“If you choose to self-exclude, this register will ensure your account is closed, your money returned, and no further advertising or promotion activity will be directed your way.

“Engine is well-placed to deliver this protection having designed and developed GAMSTOP, the United Kingdom’s self-exclusion register.”

The ACMA will also launch a consultation with industry stakeholders to aid its development.

“Through our consultation we will engage with the interactive wagering industry on the design of the system and the rules around the operation of the register,” O’Loughlin added.

“We will also work with consumers and advocacy groups to ensure that the register meets the needs of users, including putting in place robust privacy safeguards.”

In Finland, it has been announced that the loss limits imposed by the gambling monopoly Veikkaus as a precautionary measure during the COVID-19 pandemic will be made permanent.

Online casino bettors in Finland will only be able to lose a maximum of €500 per day, reduced from €1,000, with a monthly loss limit of €2,000. All online casino and slot players must also set their own daily and monthly loss limits.

The Minister of the Interior, Maria Ohisalo, stressed: “The reduced maximum loss limit has been in use for a year. Loss limits are a good way to prevent gambling harm. In addition to gambling problems, lowering the loss limit will combat over-indebtedness and livelihood problems, and I am pleased that the daily loss limit will be permanently reduced from €1,000 to €500.”

In Spain, a cooperative framework will be established to facilitate the management and sharing of data of the individual gambling self-exclusion networks of the 17 autonomous communities.

Since 2015, the autonomous communities have maintained their player gambling self-exclusion databases individually, using the DGOJ’s RGIAJ registry system. However, this provides little oversight for the DGOJ to monitor gambling disorders across Spain as RGIAJ was set up to feed the data back to the public health networks of each autonomous community.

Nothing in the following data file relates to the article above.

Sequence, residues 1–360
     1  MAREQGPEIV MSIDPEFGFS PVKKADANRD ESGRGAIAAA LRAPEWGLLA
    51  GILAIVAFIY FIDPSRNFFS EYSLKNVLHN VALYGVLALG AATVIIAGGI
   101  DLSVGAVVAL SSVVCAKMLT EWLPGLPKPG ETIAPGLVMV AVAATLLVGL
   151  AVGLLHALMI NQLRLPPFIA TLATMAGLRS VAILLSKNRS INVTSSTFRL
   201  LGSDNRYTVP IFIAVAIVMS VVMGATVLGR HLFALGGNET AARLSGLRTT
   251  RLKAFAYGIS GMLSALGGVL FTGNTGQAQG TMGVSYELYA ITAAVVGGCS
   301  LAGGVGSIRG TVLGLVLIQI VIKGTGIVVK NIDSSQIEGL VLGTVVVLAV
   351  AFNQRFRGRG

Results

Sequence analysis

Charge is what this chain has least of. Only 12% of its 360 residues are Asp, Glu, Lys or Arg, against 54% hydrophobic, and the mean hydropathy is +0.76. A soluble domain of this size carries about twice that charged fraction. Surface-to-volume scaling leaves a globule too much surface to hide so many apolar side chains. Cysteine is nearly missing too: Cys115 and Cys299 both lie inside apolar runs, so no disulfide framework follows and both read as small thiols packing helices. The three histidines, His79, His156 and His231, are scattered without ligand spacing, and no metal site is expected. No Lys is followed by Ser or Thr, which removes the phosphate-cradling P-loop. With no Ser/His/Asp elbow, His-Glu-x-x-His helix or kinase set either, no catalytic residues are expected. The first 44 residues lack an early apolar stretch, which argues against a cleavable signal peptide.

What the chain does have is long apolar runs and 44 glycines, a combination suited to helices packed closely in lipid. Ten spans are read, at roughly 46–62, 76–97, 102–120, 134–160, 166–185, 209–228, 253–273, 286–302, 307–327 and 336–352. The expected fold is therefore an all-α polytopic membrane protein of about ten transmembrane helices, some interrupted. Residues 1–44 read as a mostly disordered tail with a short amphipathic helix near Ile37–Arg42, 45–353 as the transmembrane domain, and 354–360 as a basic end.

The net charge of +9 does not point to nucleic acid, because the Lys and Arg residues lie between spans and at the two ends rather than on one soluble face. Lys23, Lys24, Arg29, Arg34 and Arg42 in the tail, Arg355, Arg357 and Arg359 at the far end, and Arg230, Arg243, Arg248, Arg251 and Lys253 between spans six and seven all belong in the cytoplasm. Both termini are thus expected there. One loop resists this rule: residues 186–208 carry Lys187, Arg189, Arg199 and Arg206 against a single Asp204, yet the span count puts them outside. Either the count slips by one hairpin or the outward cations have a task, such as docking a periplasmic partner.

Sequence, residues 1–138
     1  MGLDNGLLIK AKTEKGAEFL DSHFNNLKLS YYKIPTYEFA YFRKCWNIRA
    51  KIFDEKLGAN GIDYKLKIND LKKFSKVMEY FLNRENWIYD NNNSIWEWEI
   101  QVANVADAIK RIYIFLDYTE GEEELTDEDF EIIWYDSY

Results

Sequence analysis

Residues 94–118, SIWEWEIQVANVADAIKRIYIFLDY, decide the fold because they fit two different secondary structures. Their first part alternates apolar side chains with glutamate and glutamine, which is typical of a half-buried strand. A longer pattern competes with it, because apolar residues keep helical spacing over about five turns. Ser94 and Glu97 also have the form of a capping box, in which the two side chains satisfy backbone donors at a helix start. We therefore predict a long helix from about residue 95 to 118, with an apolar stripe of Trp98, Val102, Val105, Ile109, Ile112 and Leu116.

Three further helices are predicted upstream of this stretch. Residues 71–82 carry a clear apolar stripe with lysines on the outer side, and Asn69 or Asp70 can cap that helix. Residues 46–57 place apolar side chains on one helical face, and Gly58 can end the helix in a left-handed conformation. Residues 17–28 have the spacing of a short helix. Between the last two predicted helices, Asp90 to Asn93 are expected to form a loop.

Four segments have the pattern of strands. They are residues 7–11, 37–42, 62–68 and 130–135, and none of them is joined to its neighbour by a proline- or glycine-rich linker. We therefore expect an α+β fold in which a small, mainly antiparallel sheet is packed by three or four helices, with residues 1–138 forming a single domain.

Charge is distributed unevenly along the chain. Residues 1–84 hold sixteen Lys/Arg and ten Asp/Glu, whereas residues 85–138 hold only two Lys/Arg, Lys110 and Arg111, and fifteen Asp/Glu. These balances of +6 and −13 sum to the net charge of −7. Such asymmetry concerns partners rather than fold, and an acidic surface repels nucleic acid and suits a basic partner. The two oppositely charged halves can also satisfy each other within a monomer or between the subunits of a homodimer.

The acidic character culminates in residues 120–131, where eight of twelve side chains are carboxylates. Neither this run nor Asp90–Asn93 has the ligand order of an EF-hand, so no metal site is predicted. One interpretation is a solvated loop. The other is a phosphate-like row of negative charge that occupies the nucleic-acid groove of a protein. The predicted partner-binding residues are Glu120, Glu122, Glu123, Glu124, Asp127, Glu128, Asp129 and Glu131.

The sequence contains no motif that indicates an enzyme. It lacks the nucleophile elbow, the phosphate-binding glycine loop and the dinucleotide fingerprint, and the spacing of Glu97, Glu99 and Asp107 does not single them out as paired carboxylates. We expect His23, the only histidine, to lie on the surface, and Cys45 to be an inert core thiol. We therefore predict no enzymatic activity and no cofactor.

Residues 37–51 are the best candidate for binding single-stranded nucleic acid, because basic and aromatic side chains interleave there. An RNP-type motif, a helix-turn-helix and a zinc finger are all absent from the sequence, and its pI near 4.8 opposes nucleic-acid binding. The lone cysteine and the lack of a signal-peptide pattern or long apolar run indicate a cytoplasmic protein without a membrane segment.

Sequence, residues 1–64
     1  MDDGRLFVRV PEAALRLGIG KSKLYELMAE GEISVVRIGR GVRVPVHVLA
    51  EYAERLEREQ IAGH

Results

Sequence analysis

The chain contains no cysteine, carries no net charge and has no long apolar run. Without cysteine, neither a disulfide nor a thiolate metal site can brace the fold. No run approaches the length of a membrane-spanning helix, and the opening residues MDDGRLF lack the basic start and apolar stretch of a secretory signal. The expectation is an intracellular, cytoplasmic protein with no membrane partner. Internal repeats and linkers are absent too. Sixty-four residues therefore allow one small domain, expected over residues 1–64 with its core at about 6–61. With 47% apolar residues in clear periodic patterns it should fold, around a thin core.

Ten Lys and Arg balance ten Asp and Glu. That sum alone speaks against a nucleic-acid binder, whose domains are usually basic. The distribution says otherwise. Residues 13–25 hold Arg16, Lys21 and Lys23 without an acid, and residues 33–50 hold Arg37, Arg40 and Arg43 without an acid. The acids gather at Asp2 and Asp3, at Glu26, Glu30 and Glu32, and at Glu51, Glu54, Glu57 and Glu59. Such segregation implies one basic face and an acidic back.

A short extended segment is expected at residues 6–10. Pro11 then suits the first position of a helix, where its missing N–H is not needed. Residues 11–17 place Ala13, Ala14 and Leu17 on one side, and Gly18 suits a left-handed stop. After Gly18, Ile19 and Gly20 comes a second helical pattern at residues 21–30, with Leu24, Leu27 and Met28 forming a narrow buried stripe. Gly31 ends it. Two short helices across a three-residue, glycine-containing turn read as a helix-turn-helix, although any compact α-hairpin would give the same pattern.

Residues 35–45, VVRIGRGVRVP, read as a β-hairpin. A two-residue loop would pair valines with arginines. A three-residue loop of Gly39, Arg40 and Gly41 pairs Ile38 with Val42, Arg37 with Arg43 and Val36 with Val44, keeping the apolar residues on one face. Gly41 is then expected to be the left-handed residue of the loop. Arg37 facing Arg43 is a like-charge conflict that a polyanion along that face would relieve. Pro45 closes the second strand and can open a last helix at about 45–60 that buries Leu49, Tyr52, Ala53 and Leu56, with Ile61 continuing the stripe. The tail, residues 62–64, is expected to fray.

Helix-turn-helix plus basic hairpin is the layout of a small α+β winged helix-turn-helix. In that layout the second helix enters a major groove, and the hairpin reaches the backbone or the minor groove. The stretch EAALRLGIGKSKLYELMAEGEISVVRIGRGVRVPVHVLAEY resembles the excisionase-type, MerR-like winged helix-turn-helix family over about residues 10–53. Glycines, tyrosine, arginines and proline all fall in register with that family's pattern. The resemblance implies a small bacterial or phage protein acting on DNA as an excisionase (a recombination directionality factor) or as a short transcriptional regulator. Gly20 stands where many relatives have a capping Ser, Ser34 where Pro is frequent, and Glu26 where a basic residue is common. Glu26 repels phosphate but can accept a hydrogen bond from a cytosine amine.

The new agreement will enable the Consumer Affairs Ministry to launch two new projects which will help the Spanish government in their attempts to reform gambling laws at the federal level.

A Royal Decree is expected to be announced concerning ‘safer gambling environments’ for both online and retail businesses, while the Ministry is also looking to secure greater accountability for the granting of subsidies ‘to carry out research activities related to the prevention of gambling disorders.’

Edinburgh City F.C.

Finally, Scottish League Two side Edinburgh City FC have become the first club in Scotland to partner with Gambling with Lives’ big step initiative, whose primary aim is to ‘kick gambling ads out of football’.

James Grimes, founder of the Big Step, said: “We are thrilled to have the support of Edinburgh City during a pivotal time for gambling reform in this country.”

“For most of us involved with The Big Step, the harmful relationship between gambling and football was the gateway for years of addiction – if only our clubs had taken this stance, things may have been different for us.

“Football doesn’t promote tobacco because of the health risks – it’s now time for more clubs to replicate ECFC’s commendable stance on advertising gambling which is risking the health of millions of young fans.”

Andrew Morgan, Director, Dam Mad Media